Directions for retracing the historic
along modern roads
between Mount Vernon and Yorktown, Virginia

In the last phase of their strategic march from position around New York, generals Washington and Rochambeau made their march between Mount Vernon, Virginia, and the Town of York (Yorktown), Virginia, along a well worn path of the time whic lay approximately on the modern day routes cited in the following text.

12 SEPTEMBER 1781. Leaving Mount Vernon by the driveway, the generals and their personal staffs proceeded west along a patch that corresponds to the current Virginia State Route 235 ('South' -- but really heads west) to US Route 1. They turned south on to the path that corresponds to US Route. They continued to its intersection with Secondary Route 611 at Pohick. They continued south on 611 to its intersection again with US Route 1. Washington and Rochambeau crossed the Occoquan River by ferry to Woodbridge.
The American and French wagon trains along with the French cavalry of the Duc de Lauzun followed the generals and their staffs by approximately 15 days. The wagons forded the Occoquan Creek near the town of Occoquan. The main body of the allied force had embarked at Annapolis, Maryland, on boats down the Potomac River to the Williamsburg area.
Washington and Rochambeau continued on US Route 1 passing Woodbridge, Dumfries, Stafford Courthouse, enroute to Falmouth. They forded the Rappahanock River on the west side of US Route 1 and turned southeast along US Business Route 17. Washington and Rochambeau spent the night of he 12th in Fredricksburg.

13 SEPTEMBER. Washington and Rochambeau left Fredericksburg early in the morning, heading south on State Route 2 to its intersection with US Route 17 at New Post. They continued on Route 2 that passed Widewake and Villboro to the intersection of Secondary Route 626. They traveled south along Secondary Route 626 to Secondary Route 609. On Secondary Route 609, they proceeded southeast to the intersection with State Route 2. On State Route 2, they journeyed south to Secondary Route 631. On Secondary Route 631, they proceeded in a southerly direction until they rejoined State Route 2 north of Bowling Green. Continuing south along State Route 2, they traveled a portion where US Route 301 and US Business Route 301 overlap until reaching Secodary Route 695 south of Bowling Green.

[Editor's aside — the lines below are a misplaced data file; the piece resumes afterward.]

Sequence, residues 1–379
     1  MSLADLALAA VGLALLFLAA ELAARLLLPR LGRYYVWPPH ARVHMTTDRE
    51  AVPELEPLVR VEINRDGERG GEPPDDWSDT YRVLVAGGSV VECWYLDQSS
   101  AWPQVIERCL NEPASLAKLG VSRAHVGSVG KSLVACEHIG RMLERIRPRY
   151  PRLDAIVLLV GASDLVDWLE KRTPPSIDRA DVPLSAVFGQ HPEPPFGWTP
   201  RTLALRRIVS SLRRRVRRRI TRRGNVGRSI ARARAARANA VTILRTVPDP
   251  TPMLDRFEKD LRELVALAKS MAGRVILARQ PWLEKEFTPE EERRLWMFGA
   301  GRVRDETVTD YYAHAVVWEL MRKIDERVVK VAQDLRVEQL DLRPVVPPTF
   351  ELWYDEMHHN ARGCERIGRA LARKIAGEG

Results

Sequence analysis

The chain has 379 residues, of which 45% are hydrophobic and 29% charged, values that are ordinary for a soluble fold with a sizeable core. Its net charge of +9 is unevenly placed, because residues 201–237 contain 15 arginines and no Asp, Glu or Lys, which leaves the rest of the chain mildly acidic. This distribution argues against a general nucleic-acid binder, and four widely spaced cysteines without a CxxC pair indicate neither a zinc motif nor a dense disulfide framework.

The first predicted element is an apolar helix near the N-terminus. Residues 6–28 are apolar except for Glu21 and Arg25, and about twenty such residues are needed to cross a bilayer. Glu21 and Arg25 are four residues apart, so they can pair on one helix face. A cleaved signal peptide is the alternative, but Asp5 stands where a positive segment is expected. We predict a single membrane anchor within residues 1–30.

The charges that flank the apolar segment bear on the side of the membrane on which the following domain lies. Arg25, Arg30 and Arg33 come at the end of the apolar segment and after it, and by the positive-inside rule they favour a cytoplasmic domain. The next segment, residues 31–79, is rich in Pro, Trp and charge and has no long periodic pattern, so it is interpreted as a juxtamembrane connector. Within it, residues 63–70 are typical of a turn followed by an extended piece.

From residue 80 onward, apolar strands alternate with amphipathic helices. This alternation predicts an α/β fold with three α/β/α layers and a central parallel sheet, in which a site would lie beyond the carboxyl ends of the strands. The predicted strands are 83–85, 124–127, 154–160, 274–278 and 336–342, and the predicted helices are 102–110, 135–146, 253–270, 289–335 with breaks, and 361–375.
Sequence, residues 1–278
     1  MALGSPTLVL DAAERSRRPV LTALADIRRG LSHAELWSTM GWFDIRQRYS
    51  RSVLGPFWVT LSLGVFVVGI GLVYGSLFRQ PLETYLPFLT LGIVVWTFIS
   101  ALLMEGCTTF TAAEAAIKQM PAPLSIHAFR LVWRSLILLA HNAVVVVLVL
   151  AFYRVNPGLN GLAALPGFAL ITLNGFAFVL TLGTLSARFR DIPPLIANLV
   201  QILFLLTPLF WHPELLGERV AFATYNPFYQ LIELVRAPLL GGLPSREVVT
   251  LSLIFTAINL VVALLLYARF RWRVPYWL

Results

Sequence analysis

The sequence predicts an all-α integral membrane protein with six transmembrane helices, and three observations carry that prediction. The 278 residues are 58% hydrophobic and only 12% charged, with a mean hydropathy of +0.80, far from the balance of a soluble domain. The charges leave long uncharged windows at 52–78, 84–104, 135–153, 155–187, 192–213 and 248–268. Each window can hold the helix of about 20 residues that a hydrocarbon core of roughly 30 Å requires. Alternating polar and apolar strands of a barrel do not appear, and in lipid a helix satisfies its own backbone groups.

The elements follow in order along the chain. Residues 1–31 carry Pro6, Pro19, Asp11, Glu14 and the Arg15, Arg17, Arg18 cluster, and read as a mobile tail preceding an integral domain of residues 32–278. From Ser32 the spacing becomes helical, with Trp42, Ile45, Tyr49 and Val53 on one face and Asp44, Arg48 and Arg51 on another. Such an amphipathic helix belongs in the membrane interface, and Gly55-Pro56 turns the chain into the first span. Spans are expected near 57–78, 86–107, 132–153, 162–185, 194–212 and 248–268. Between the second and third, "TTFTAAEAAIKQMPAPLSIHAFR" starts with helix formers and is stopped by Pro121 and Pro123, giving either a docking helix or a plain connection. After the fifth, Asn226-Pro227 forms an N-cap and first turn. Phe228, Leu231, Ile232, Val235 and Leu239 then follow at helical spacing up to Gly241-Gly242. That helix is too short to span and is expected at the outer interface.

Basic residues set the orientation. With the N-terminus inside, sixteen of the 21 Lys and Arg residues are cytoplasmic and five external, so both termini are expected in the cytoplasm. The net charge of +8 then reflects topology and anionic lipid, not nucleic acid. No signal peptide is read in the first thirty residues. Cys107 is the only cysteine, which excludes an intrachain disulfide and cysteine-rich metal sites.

The generals kept the southerly direction on Secondat Route 695 to the intersections of US Route 301 and State Route 2. They continued along US Route 301 and State Route 2 to secondary Route 721 south of Antioch Fork. At this point their route zigzagged est and west of the main US Route 301 and State Route 2, heading south. They went southeast on Secondary Route 721 to Secondary Route 627, south on Secondary Route 627 to Secondary Route 623, west on Secondary Route 623 to Secondary Route 654, west on Secondary Route 654 to Secondary Route 601, and northwest on Secondary Route 601 to Secondary Route 654. They went west-southwest on Secondary Route 654, crossing US Route 301 and State Route 2, enroute to Secondary Route 656. On Secondary Route 656, they proceeded southeast to the intersection of US Route 301 and State Route 2. Crossing US Route 301 and State Route 2, they proceeded to secondary Route 648. they traveled along Secondary route 648 to its intersection with Secondary Route 649 at Lorne, and continued south on Secondary Route 649 to Secodary Route 600. Traveling southeasterly on Secondary Route 600, they again crossed US Route 301 and State Route 2, continuing to Secondary Route 602. They took Secondary Route 602 in the southeasterly direction to Secondary 651. On Secondary Route 651, they crossed state Route 30, US Route 301 and State Route 2 three times enroute to the intersection of US Route 301 and State Route 2, near the north end of Little Page Bridge over the Pamunkey River. They entered the little hamlet of Hanover Courthouse.